Σάββατο, 12 Μαΐου 2012
Πηγή: al Jazeera
του Μ. Τσιμιτάκη
Athens, Greece - The result of the Greek elections has caught stock markets and governments all over the world by surprise. The Greeks, finally given the right to democratically decide their future, chose to send a message: austerity and deprivation cannot be an acceptable way forward for Europe.
In simple words, the Greeks are saying "no" to austerity but "yes" to the euro. German Chancellor Angela Merkel, along with leaders of European institutions such as Mario Draghi of the Central Bank and Christine Lagarde of the IMF, rushed to reject the possibility of renegotiating the Greek bailout package. The dichotemy must have sounded like a paradox to them. But it's a paradox that makes absolute sense.
|Continued deadlock in Greek coalition talks|
During two years of tough austerity measures, the Greeks have seen their society break down into pieces. Homeless people began to appear on the streets in large numbers, malnourished children forced the ministry of education to start serving meals in some schools for the first time since World War II, the health system collapsed, drug addiction and HIV levels exploded, and crime rose - transforming some areas of the capital city, Athens, into ghettos.
by Jeremy Warner
Greece’s motorcycling Marxist, Alexis Tsipras, makes an unlikely champion, with his commuter leathers and largely unrealistic Left-wing views, but he seems to be about the best of a bad bunch right now. As far as I can see, he’s the only member of the Greek political class who makes any kind of sense, albeit only marginally so and with one rather important deficiency.
Rightly, he’s rejected Berlin’s austerity programme as “barbaric” and counter-productive (though, incongruously, he rides to parliament on a German-made BMW), but he’s not yet managed to reconcile himself to the logical corollary of this analysis – that Greece must take back control of its own destiny by leaving the euro. As it is, the economy is condemned only to permanent depression.
The spectre of a Greek exit from the Eurozone has once again been raised by the political crisis in Athens: a scenario that is all the more dangerous for Spain, which is now more vulnerable, and one whose consequences would be geo-political as well as economic.
Turning the tables on the decades in which it was largely ignored, the blaze of attention on Europe is set to continue. Only a few days after the faint glimmer of hope accorded by the François Hollande’s victory in France, we are once again forced to contend with two major problems underpinning the crisis.
On the one hand, we have fragile political systems, characterised by a relentless drive – as we have seen in Greece – to impose austerity and to force citizens to assume all the responsibility for the crisis, which are embarked on a course towards self-destruction. On the other, as is evident in the Spanish situation, we have to contend with the fragility of certain branches of the financial system, which has resulted from a decade of excessive liquidity, poor management and even more inept supervision.
Σε περίπτωση εξόδου της Ελλάδας από το ευρώ είτε λόγω της πολιτικής κρίσης είτε σε μετέπειτα φάση, η Fitch θα θέσει πιθανότατα ολόκληρη την ευρωζώνη σε Rating Watch Negative, σημειώνει ο οίκος σε έκθεσή του.
Όπως αναφέρει, οι επιπτώσεις από μια έξοδο της Ελλάδας από την ευρωζώνη δεν μπορούν να προσδιοριστούν και θα εξαρτηθούν από το πώς θα συμβεί και πώς θα αντιδράσει η Ευρώπη.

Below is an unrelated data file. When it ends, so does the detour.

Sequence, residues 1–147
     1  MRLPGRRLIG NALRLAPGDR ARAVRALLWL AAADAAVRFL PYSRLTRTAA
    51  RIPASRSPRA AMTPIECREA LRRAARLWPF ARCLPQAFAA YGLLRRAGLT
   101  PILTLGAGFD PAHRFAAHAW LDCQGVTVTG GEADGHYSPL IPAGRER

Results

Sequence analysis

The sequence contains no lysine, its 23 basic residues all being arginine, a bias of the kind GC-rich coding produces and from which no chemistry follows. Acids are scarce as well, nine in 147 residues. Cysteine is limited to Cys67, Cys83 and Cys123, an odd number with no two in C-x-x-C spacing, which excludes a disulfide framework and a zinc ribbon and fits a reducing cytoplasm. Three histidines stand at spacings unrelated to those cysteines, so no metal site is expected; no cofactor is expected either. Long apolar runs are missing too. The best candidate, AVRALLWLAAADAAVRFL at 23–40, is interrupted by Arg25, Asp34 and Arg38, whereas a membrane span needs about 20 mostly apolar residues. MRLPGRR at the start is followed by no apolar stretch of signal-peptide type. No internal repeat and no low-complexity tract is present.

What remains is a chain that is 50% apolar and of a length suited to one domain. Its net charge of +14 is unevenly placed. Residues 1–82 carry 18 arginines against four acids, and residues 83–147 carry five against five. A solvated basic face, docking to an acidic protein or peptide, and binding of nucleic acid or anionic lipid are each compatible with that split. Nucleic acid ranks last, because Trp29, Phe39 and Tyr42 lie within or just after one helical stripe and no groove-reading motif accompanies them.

Ως εκ τούτου, ο οίκος θα θέσει τις υπόλοιπες χώρες μέλη της ευρωζώνης στον προθάλαμο υποβάθμισης καθώς θα επανεκτιμά τις συστημικές αλλά και τις ειδικότερες επιπτώσεις για κάθε χώρα από την ελληνική έξοδο.
Παράλληλα, επαναλαμβάνει ότι οι χώρες, οι αξιολογήσεις των οποίων βρίσκονται ήδη σε RWN, όπως η Κύπρος, η Γαλλία, η Ιρλανδία, η Ιταλία, η Πορτογαλία, η Ισπανία, η Σλοβενία και το Βέλγιο, θα κινδυνεύσουν με άμεση υποβάθμιση.
By MATTHEW DALTON
BRUSSELS—Euro-zone governments are expected to give Spain more leeway to meet its budget-deficit target next year, according to officials involved in the discussions, in a sign they intend to shift away from rigid enforcement of the currency bloc's budget rules.
Austerity will still be the guiding principle of European fiscal policies. But the likely Spanish move suggests the rules will be adjusted in some cases to account for the fact that when economies go into recession, their budget deficits usually grow.
Officials said the flexibility is unlikely to stop with Spain's politically sensitive deficit target. Among other countries that may take advantage of the rules in the future is France, which would have to pass large cuts to achieve its current deficit target for next year—a task likely to clash with the pledges of Socialist President-elect François Hollande to spur economic growth.
guardian.co.uk, Friday 11 May 2012
Syriza's electoral success marks the start of the first major battle against austerity. The whole continent should will them to win
The clear winner of the recent Greek elections is Syriza, a coalition of leftwing organisations active for several years. The fascist Golden Dawn party has also made stunning gains but its rise, disturbing as it might be, is neither the main outcome of the elections, nor yet a major threat to Greek society. Political momentum belongs to Syriza. If it gets its act together, it could help resolve the crisis and give a boost to the European anti-austerity movement.
The two staple parties of Greek government – Pasok and New Democracy – have been trounced for bringing the country to this pass over four decades, and for implementing the bailout agreements. The Greek electorate has clearly stated what it does not want: old politics and the so-called rescue by the troika of the EU, the International Monetary Fund and the European Central Bank.